Measles Disease & Vaccine Information
Get the Information You Need to Make an Informed Vaccine Decision
Measles Disease & Vaccine Information
Find the Information You Need to Make an Informed Vaccine Decision
Measles: The Disease
Measles, rubeola, or “red” measles is a highly contagious viral disease that is spread through the air by respiratory droplets, or by coming in contact with nasal discharge/mucous of an infected person. This disease can be transmitted very easily in areas where people are together in close quarters and symptoms begin 10-12 days after close contact with an infected individual. Symptoms include fever, cough, runny nose, conjunctivitis, white spots in the mouth and progresses to a rash that starts on the face.
The majority of measles cases in the U.S. resolve without complication, though serious complications can occur.1 According to the CDC, Americans born before 1957 have naturally acquired immunity to measles. Infants born to mothers, who have had measles and acquired natural antibodies, benefit from a passive maternal immunity passed on to them by their mothers to protect them as newborns. There also is evidence that unvaccinated mothers, who have recovered from measles, can pass short-term measles immunity to their infants when they breastfeed their babies. Learn more about Measles…
Measles vaccine is a weakened (attenuated) form of the live measles virus. Currently, there are 2 available vaccines for use in the U.S. The CDC recommends that children get two doses of the MMR vaccine with the first dose given between ages 12-15 months, and the second dose given between ages 4-6 years.2 CDC recommendations state that persons age 18 or older, who were born in 1957 or later, should get at least one dose of MMR if there is no laboratory evidence of naturally acquired measles immunity or documentation that a measles vaccine was given on or after the first birthday. Learn more about Measles vaccine…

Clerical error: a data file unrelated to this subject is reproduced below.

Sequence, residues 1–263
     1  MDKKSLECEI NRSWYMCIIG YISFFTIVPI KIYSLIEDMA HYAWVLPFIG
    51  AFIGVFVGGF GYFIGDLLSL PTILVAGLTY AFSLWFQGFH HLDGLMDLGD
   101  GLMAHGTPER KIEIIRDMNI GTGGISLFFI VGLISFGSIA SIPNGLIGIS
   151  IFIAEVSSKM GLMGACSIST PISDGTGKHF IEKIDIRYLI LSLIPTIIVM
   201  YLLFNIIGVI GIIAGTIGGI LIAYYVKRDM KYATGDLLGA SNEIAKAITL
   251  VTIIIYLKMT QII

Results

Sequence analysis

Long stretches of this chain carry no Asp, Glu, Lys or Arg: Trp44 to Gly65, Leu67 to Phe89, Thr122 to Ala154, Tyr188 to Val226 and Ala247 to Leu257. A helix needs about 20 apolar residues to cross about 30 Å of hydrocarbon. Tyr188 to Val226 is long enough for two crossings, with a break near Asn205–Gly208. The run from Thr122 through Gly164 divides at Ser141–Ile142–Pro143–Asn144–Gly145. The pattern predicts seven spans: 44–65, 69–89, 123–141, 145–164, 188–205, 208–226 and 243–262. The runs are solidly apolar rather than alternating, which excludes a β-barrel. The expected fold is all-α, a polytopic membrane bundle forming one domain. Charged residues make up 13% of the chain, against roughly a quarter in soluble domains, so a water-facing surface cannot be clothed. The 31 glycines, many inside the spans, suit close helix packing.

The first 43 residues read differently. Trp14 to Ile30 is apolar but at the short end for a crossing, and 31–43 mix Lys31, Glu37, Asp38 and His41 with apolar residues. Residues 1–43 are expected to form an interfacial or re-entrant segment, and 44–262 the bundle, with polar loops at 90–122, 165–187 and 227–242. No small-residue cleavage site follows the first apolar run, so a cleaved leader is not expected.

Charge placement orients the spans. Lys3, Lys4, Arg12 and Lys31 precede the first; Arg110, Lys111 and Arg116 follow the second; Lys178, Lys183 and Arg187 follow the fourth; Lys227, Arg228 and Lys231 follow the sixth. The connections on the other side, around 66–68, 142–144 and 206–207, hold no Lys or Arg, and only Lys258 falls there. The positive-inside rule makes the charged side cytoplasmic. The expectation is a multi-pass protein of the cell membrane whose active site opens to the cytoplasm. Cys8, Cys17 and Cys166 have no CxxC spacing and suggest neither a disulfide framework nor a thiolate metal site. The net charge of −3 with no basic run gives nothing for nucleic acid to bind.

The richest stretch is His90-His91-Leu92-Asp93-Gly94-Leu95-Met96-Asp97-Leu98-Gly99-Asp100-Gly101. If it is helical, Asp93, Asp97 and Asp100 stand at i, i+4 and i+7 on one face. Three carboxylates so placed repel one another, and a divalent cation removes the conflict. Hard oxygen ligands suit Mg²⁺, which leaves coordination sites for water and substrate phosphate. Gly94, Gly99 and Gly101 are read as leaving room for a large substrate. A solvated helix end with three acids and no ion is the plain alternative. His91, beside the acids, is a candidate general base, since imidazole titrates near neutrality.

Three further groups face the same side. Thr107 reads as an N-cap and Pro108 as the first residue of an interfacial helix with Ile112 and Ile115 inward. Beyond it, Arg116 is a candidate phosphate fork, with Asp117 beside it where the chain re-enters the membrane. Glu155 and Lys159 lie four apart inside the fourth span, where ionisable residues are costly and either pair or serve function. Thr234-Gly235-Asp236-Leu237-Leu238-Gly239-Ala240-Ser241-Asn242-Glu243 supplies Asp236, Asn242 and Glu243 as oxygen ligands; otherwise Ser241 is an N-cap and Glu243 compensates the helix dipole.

Measles Quick Facts
- After coming in contact with someone infected with measles, the incubation period from initial exposure to onset of the rash is between seven and 18 days, with an average of 14 days. The period leading up to the appearance of the rash is characterized by a rising fever that peaks at 103-105 degrees F.
- In 1960, three years before the first measles vaccine was licensed in the U.S., there were 380 deaths from measles recorded. Today, deaths from measles are rare in the U.S. (an average of 1 per year). Continue reading quick facts…
- Currently there are two measles containing vaccines being used in the U.S - MMRII - a combination measles-mumps-rubella(MMR) live virus vaccine and ProQuad- a combination measles-mumps-rubella-varicella (MMR-V) live virus vaccine. Both products are produced and distributed by Merck. The CDC recommends children get an MMR shot between 12 and 15 months of age with a second dose given between 4 and 6 years old.
- As of March 31, 2018, there have been more than 89,355 reports of measles vaccine reactions, hospitalizations, injuries and deaths following measles vaccinations made to the federal Vaccine Adverse Events Reporting System (VAERS), including 445 related deaths, 6,196 hospitalizations, and 1,657 related disabilities. Over 60% of those adverse events occurred in children three years old and under...Continue reading quick facts...
Learn More About Measles and Measles Vaccine
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NVIC encourages you to become fully informed about Measles and the Measles vaccine by reading all sections in the Table of Contents below, which contain many links and resources such as the manufacturer product information inserts, and to speak with one or more trusted health care professionals before making a vaccination decision for yourself or your child. This information is for educational purposes only and is not intended as medical advice.
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1 CDC. Measles – Severe Complications. Epidemiology and Prevention of Vaccine-Preventable Diseases. 13th Edition. Pg 210. April 2015.
2 CDC.gov. Vaccines. Recommended Immunization Schedule for persons aged 0 through 6 years . Dec. 23, 2011. Online. (Accessed March 2012)